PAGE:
Strokes in young adults on the rise

Strokes in young adults on the rise

LOS ANGELES, CA. — When it comes to treating a stroke, every minute matters. Doctors say if patients don’t get to a hospital within three hours, strokes can be fatal or cause serious damage. Unfortunately, that’s a message most young people aren’t getting. Strokes in young adults have gone up considerably, but according to a new survey, few know what to do. With details here’s ABC 10’s Sarah Mac.

The symptoms Jennifer Reilly experienced seemed like nothing. Numbness in her hand periodically followed by a bad headache a few hours later.

In fact, Jennifer might have ignored her symptoms, if not for a co–worker who insisted she go to the hospital, where she was stunned by her diagnosis.

Jennifer says, “When the doctor told me that I’d had a stroke at age 27 I almost didn’t believe him. I almost thought that this could not be possible.”

Not only is it possible, it’s happening more often.

Since the mid 90s strokes in patients under the age of 45 have shot up as much as 53%. And all too often young patients react just like Jennifer.

David Liebeskind, MD of Ronald Reagan UCLA Medical Center says, “We may think that these symptoms are maybe mild or due to some other medical problem or nothing at all. We tend to delay and not come in immediately. But that is a real problem.”

Dr. David Liebeskind of Ronald Reagan UCLA Medical Center diagnosed Jennifer. He says she’s lucky she got help in time because most young people may not.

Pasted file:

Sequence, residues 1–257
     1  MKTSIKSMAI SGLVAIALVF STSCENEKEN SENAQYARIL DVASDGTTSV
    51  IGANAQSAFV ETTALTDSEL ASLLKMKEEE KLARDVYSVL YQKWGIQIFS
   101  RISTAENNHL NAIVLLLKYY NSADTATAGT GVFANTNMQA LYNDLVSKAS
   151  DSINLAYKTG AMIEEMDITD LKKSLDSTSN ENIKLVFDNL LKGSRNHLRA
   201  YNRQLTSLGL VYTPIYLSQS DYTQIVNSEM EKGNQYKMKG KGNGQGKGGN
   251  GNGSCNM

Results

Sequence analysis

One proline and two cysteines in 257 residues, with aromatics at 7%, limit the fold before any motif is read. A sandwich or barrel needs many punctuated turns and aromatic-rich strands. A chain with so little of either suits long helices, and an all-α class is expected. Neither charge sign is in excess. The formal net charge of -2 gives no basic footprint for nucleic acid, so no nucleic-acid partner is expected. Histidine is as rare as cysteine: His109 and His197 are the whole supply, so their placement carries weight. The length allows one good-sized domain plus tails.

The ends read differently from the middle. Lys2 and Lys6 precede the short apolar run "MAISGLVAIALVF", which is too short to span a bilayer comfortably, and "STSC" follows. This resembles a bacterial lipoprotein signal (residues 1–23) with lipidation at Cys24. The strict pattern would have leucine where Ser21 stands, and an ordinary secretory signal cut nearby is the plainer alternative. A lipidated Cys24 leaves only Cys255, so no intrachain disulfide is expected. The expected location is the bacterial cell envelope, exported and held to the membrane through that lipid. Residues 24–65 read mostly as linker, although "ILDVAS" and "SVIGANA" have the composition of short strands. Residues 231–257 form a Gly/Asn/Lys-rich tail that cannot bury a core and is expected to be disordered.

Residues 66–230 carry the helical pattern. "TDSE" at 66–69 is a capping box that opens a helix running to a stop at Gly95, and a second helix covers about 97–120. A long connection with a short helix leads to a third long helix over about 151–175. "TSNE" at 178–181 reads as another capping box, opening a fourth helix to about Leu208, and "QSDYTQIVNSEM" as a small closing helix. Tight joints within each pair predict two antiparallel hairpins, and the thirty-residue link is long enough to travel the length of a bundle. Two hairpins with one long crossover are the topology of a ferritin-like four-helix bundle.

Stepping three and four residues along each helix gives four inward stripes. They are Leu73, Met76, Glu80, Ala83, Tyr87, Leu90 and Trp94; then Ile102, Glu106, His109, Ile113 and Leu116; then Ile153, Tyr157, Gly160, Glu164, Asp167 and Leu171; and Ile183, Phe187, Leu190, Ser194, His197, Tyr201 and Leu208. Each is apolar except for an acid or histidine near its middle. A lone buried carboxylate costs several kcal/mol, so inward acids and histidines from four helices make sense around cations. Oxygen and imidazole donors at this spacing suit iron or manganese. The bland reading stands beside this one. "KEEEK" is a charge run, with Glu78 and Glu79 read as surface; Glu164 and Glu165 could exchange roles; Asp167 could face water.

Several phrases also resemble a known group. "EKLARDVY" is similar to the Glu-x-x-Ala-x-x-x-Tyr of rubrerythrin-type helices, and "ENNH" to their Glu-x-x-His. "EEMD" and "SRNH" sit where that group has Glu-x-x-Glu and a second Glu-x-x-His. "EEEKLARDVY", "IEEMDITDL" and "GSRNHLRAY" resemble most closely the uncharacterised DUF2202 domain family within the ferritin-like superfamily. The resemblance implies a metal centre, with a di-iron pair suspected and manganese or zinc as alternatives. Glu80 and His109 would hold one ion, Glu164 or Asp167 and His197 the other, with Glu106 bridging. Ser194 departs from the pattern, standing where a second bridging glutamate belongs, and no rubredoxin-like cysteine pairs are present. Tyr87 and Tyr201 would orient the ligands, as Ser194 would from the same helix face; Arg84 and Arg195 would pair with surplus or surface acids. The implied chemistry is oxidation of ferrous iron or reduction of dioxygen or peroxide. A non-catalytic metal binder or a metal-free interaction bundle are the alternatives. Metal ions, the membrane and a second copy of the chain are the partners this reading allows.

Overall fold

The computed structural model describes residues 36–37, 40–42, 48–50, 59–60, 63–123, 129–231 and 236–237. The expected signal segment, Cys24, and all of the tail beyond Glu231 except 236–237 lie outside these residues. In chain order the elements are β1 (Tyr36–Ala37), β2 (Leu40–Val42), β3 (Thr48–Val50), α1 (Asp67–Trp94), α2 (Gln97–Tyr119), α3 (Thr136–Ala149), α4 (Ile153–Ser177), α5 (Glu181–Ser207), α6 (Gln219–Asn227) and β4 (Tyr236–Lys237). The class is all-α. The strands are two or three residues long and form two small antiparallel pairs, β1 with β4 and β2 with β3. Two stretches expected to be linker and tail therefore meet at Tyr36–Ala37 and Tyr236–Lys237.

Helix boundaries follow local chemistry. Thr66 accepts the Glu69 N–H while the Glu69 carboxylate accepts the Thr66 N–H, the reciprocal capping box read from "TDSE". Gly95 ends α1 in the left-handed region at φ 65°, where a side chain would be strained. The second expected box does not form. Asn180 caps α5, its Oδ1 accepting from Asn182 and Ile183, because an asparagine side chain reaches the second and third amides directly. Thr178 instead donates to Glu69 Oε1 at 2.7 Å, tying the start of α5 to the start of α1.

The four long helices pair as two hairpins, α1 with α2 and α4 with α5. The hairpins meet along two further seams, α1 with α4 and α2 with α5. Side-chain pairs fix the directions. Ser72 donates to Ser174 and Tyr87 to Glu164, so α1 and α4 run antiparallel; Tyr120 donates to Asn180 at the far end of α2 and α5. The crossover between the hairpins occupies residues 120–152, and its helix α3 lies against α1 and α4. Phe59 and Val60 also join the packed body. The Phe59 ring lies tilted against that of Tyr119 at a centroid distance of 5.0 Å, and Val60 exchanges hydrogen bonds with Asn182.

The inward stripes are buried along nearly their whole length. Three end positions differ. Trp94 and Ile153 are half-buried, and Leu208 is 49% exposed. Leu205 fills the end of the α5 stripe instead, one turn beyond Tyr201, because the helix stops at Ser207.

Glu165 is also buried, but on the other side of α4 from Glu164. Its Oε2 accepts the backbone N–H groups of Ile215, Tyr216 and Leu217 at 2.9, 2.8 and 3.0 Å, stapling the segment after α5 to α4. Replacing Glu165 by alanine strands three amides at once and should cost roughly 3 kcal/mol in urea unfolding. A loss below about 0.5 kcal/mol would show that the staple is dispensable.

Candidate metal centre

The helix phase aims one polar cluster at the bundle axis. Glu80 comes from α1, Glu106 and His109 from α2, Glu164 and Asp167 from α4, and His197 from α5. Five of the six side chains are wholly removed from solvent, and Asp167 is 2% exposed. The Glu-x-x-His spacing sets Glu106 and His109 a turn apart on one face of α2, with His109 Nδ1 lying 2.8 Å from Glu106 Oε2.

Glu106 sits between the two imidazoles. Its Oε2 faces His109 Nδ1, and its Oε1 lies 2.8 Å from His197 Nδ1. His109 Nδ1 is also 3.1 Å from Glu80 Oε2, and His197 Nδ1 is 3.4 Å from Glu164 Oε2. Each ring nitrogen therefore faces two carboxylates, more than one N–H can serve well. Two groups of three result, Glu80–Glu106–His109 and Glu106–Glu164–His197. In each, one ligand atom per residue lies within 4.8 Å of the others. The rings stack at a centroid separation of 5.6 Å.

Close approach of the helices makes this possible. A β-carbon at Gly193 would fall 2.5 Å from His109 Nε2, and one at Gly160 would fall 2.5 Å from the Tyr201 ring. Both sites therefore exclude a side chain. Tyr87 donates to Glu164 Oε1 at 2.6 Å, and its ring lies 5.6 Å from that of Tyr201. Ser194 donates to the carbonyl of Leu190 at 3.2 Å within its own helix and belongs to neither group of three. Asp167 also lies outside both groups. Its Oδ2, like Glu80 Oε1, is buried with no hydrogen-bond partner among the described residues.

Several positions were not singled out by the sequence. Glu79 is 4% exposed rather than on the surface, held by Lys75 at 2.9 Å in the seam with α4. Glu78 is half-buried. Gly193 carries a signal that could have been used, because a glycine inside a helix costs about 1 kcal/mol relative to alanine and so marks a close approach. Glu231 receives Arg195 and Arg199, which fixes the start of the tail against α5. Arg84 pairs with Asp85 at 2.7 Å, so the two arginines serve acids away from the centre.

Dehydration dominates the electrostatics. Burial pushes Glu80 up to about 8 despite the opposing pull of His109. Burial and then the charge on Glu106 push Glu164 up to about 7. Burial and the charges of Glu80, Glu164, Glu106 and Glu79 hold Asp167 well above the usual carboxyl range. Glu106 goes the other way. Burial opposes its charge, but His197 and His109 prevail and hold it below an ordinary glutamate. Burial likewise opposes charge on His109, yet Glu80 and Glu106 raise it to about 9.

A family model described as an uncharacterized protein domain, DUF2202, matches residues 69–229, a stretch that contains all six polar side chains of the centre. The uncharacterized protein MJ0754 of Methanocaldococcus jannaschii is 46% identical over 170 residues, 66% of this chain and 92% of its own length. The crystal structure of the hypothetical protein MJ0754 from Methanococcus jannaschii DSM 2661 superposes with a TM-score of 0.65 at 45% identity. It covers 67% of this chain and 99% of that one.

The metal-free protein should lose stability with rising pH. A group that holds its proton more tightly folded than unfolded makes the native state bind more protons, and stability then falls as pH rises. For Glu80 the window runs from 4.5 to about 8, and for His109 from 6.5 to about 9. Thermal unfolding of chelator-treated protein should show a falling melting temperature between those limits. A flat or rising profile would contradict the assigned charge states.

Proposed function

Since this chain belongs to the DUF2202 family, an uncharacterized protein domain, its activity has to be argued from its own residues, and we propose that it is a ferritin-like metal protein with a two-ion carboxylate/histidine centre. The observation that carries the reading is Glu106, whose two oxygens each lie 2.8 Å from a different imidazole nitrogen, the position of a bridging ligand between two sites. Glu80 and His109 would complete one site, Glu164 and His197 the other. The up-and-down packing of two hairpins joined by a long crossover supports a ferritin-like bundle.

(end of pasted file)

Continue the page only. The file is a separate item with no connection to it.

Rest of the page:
In fact, in a new national survey by UCLA – those under 45 were given the symptoms of a stroke and asked what they would do in the first three hours. Only about one out of three said they would be very likely to go to the hospital – a staggering 73% said they were likely to just wait and see if they got better.

A delay that could prove costly.

Dr. Liebeskind says, “Timely treatment for stroke is probably more important than for almost any other medical problem there is. The brain is very sensitive to a lack of blood flow or bleeding, and the consequences can be absolutely devastating.”

Doctors say everyone should know the signs of a stroke and act “FAST” – if the face droops, an arm weakens or speech changes, it’s time to call 911.

Jennifer says, “Go and check it out, ask the questions, because if I hadn’t I wouldn’t be here.”

Conditions like high blood pressure, stress and being overweight can increase your chances of a stroke.

It’s estimated up to 800,000 people have strokes each year in the U.S. – that’s one about every 40 seconds.

Information courtesy of Ronald Reagan UCLA Medical Center.